Holding the Faith True

Res Philosophica 90 (2):161-170 (2013)
Abstract
In this paper, I argue that the objections to both doxastic volitionism and doxastic voluntarism fail. Objections to doxastic volitionism and doxastic voluntarismassume a generic notion of belief, a notion which covers both beliefs about things which we know or think we know or are evident to us, as well as beliefs which have some degree of credence but are not clearly evident to the subject. The generic notion of belief includes both sorts of beliefs, but the position against doxastic volitionism is supported only by appeal to beliefs about things which are evident or that we think we know. However, by showing that beliefs which we think we know to be true are not voluntary, the objections leaves open the question whether belief as such is voluntary. Contrary to the opponents of doxastic volitionism, I will show that if what we are after is a generic notion of belief, it ought to be construed as holding true; and if this is what constitutes belief as such, the arguments against doxastic volitionism for faith beliefs fail. The strongest argument against doxastic voluntarism is an evidentialist argument concerning the ethics of belief. That argument is basically that even if choosing belief is psychologically possible, evidentialism rules it out as epistemically irresponsible. In the last section of this article, I will argue that if religious belief is constituted by true propositions of the faith, the evidentialist objection to doxastic voluntarism fails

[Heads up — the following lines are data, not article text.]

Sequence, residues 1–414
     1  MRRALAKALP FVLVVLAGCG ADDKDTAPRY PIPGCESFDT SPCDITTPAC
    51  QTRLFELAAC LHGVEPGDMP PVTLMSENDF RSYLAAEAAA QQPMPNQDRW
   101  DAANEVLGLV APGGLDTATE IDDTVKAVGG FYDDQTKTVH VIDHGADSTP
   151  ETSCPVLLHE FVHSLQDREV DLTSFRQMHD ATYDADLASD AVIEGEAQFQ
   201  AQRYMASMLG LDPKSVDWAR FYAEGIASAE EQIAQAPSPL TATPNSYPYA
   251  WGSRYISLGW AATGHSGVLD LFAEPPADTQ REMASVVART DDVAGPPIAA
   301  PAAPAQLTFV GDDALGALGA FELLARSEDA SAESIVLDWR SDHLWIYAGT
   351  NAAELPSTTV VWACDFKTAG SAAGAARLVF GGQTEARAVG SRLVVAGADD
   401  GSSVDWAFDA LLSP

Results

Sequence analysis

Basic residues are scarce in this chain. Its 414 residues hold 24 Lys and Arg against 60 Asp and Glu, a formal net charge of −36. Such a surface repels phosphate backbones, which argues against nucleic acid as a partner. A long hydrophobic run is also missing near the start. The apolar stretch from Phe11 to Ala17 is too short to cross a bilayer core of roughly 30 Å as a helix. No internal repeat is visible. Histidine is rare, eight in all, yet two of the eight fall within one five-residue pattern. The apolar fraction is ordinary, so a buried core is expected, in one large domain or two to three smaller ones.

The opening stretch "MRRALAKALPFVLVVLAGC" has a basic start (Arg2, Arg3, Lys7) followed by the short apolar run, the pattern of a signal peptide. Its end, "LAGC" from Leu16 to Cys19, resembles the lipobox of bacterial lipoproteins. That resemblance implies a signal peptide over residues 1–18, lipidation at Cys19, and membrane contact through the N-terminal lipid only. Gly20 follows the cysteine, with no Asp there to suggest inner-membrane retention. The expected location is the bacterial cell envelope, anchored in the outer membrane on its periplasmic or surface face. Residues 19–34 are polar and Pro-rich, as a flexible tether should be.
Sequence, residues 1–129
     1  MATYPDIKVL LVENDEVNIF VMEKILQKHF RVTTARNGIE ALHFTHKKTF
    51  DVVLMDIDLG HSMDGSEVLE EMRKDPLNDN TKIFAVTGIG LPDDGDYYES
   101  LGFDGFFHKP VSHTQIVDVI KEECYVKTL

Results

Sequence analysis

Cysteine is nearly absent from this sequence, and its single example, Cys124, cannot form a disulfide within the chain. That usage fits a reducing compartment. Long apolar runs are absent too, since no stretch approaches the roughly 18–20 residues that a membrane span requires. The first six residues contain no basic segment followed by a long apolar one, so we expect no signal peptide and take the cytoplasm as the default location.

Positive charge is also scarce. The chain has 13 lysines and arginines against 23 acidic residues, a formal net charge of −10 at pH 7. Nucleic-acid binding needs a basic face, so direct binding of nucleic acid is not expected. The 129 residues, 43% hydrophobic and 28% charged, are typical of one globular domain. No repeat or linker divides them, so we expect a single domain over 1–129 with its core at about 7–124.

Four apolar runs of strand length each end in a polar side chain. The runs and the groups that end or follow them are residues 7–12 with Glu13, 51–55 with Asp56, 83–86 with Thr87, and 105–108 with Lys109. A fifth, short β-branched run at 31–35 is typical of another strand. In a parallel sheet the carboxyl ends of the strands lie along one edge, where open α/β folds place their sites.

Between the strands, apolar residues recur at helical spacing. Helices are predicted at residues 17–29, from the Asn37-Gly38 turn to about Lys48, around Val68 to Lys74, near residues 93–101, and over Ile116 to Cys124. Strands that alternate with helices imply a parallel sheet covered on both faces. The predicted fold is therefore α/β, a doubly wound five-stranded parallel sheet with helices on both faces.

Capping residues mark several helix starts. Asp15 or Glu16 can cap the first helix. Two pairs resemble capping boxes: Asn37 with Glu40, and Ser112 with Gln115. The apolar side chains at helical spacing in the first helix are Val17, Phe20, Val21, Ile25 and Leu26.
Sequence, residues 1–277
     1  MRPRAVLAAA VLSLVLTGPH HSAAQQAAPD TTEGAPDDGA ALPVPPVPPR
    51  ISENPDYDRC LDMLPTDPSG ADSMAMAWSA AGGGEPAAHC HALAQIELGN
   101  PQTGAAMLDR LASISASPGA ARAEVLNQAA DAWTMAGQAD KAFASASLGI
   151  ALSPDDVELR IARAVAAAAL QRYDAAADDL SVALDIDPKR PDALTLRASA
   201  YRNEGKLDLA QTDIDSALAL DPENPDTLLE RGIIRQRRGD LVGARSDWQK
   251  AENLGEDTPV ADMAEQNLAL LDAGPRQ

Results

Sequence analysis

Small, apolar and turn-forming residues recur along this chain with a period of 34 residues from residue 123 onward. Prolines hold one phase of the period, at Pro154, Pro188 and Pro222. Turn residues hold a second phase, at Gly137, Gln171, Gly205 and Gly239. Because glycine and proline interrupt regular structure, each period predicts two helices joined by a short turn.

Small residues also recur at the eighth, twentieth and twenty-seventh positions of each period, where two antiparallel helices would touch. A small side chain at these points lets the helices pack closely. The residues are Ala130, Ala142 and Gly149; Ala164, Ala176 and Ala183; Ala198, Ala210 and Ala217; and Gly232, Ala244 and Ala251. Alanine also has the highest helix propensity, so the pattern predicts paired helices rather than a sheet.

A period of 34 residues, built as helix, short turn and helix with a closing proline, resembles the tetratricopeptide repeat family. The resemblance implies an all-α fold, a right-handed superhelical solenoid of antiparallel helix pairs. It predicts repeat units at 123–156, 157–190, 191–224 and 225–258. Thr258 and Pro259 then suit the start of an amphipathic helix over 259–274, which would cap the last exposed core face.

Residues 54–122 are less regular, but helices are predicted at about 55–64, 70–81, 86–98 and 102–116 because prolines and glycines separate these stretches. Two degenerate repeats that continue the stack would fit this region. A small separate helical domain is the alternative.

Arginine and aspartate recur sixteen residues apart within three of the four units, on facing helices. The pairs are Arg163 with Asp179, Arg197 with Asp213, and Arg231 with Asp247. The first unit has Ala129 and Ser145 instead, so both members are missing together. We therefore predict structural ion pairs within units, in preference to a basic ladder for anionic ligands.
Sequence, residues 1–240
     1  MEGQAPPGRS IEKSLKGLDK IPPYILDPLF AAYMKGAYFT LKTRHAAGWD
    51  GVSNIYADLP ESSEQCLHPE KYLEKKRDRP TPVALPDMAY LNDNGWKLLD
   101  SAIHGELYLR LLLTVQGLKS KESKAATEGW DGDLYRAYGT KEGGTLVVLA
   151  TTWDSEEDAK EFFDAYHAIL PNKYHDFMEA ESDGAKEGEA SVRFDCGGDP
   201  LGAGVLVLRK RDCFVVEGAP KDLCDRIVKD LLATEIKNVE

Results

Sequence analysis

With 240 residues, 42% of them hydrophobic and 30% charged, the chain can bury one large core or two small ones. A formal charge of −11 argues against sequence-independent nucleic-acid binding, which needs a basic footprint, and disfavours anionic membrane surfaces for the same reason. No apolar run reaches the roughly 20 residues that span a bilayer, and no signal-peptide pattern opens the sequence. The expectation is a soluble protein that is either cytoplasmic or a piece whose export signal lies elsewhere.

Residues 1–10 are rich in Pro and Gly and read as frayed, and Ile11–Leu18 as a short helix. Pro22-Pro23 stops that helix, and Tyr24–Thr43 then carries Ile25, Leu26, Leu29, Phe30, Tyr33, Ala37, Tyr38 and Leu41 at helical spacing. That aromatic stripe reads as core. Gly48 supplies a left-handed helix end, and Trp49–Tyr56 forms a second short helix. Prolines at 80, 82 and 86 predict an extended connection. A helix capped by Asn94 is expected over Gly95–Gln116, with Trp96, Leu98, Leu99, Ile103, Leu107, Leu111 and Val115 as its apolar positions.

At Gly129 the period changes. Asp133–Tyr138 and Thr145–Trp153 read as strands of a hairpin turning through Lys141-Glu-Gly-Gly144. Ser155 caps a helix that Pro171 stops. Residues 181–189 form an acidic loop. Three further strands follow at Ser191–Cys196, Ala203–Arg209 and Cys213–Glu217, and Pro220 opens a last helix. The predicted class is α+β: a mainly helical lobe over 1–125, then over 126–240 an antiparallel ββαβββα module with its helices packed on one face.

Keywords Catholic Tradition  Contemporary Philosophy  History of Philosophy
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ISBN(s) 2168-9105
DOI 10.11612/resphil.2013.90.2.4
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References found in this work BETA
Epistemological Puzzles About Disagreement.Richard Feldman - 2006 - In Stephen Hetherington (ed.), Epistemology Futures. Oxford University Press. pp. 216-236.
Belief, Faith, and Acceptance.Robert Audi - 2008 - International Journal for Philosophy of Religion 63 (1-3):87-102.

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